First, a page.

• Basic Tumor Immunology: Cornelis J.M. Melief, MD, PhD – ISA Therapeutics BV
  • Case Reports: Alfred Zippelius, MD – University Hospital Basel
  • Clinical/Translational Cancer Immunology: James L. Gulley, MD, PhD, FACPNational Cancer Institute, National Institutes of Health
  • Clinical Trials Monitor: Leisha Emens, MD, PhD – Johns Hopkins University
  • Commentary/Editorials: Christian Capitini, MD – University of Wisconsin - Madison
  • Guidelines and Consensus Statements: Robert L. Ferris, MD, PhD – University of Pittsburgh Cancer Institute
  • Immunotherapy Biomarkers: Lisa H. Butterfield, PhD – University of Pittsburgh Cancer Institute
  • Reviews: Sandra Demaria, MD – Weill Cornell Medical College; Thomas F. Gajewski, MD, PhD – University of Chicago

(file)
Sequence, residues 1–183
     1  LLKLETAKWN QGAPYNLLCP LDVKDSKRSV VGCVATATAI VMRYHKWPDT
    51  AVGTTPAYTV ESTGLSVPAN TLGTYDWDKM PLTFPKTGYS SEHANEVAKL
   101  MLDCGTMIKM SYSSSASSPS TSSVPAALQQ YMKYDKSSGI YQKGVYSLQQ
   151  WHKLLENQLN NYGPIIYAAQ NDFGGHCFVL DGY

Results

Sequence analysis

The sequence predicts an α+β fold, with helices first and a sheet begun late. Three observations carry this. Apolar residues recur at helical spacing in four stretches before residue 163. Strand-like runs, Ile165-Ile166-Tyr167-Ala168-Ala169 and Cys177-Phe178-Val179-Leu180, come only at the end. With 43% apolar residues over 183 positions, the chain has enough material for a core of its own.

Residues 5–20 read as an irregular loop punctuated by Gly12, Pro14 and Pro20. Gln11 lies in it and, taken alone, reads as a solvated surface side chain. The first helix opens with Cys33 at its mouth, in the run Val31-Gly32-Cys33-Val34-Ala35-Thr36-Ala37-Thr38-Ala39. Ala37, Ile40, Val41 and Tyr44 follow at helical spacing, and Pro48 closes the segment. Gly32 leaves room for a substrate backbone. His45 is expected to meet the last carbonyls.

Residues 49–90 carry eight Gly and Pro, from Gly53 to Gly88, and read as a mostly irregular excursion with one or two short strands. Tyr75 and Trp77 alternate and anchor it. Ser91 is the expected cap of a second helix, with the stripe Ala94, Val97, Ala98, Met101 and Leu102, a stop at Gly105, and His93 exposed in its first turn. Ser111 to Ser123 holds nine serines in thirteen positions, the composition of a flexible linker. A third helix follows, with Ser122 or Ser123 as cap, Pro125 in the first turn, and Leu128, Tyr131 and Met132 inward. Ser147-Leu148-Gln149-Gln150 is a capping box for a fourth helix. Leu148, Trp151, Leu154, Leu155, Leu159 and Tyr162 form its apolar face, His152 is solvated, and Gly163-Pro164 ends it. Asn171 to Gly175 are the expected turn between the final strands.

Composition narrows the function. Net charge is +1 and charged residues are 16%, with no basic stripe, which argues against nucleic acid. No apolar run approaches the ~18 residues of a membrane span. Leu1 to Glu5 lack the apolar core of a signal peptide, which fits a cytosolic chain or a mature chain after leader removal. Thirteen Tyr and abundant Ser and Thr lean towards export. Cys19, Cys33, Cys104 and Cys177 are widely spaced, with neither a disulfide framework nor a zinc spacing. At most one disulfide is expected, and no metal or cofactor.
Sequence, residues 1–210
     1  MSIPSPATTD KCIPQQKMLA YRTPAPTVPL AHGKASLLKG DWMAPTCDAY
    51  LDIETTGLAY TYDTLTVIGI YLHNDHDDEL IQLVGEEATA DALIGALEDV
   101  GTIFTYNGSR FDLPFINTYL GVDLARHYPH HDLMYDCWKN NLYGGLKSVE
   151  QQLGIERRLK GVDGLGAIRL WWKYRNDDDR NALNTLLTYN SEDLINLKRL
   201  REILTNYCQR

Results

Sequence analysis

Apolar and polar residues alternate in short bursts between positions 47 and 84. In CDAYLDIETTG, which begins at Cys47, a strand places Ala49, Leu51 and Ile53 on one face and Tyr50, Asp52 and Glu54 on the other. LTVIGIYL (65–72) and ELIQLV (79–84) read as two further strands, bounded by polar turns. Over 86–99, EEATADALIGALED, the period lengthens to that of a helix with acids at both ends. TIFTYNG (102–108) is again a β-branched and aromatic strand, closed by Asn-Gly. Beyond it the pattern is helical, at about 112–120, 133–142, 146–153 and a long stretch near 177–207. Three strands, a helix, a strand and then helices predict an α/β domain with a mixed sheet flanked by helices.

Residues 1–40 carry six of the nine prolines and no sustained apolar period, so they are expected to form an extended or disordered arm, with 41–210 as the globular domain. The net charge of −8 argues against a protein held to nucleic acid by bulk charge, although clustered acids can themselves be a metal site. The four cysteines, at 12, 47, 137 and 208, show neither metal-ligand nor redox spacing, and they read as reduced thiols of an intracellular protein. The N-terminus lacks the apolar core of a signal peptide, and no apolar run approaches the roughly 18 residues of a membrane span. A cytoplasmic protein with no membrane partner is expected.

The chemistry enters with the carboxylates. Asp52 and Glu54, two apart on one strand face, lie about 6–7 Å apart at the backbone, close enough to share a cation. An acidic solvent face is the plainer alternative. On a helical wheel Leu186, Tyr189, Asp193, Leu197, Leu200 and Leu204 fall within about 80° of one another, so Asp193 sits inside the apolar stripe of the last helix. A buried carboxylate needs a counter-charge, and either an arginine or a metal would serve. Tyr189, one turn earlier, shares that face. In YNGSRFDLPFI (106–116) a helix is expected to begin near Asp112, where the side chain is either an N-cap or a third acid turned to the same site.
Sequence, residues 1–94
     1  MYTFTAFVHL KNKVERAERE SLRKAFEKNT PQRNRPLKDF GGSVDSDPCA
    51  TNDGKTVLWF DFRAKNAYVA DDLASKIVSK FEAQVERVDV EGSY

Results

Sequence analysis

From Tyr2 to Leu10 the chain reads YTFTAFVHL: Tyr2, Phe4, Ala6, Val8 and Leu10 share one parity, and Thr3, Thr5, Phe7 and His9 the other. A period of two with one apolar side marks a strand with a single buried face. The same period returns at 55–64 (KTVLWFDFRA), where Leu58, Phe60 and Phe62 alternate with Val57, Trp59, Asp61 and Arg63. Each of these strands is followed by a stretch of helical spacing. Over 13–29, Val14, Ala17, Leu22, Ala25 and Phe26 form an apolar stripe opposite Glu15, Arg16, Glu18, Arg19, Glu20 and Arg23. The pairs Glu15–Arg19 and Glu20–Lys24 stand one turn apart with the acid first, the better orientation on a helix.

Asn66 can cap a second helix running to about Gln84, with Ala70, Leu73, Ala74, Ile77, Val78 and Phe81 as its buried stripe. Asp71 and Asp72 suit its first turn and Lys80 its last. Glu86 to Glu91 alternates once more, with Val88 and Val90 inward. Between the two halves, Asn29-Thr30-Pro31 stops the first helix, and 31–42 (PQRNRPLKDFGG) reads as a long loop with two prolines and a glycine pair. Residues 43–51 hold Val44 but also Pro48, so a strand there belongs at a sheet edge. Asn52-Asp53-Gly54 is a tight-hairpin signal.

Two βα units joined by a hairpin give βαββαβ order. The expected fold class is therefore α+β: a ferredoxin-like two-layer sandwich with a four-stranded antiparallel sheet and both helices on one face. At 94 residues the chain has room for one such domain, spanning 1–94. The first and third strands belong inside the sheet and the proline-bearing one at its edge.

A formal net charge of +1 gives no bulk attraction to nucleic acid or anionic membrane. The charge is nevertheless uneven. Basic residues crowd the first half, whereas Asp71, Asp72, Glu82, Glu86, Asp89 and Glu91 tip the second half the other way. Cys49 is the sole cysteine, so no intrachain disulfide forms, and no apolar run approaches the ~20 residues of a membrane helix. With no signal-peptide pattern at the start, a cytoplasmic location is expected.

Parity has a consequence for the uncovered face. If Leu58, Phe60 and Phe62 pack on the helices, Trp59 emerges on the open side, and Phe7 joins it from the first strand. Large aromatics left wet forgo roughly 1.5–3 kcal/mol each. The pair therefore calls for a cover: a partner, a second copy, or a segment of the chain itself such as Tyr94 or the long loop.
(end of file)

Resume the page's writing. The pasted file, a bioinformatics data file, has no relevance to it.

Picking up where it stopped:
To view the full editorial board, please click here.

SITC Members Receive Complimentary Article Processing Charges in 2018
As a thank you to our members, SITC is offering complimentary article processing charges throughout 2018 (a $2,500 USD savings). To take advantage of this benefit, authors must contact JITC Managing Editor Andrea Rindo at JITCEditor@sitcancer.org or 1-414-271-2456 prior to submission to obtain a discount code and instructions.
Become a Member!
Journal for ImmunoTherapy of Cancer (JITC) is the official, online, open access journal of the Society for Immunotherapy of Cancer (SITC) and considered BMC’s premier cancer immunotherapy journal. JITC welcomes basic, translational and clinical research and literature reviews on any aspect of tumor immunology and cancer immunotherapy. Topics of interest include tumor-host interactions, immune biomarkers, novel therapeutics, and immune-related toxicity.  The journal’s full collection, including its seminal guidelines and consensus statements, advances the rapidly evolving field of cancer immunotherapy through dissemination of rigorous peer-reviewed research.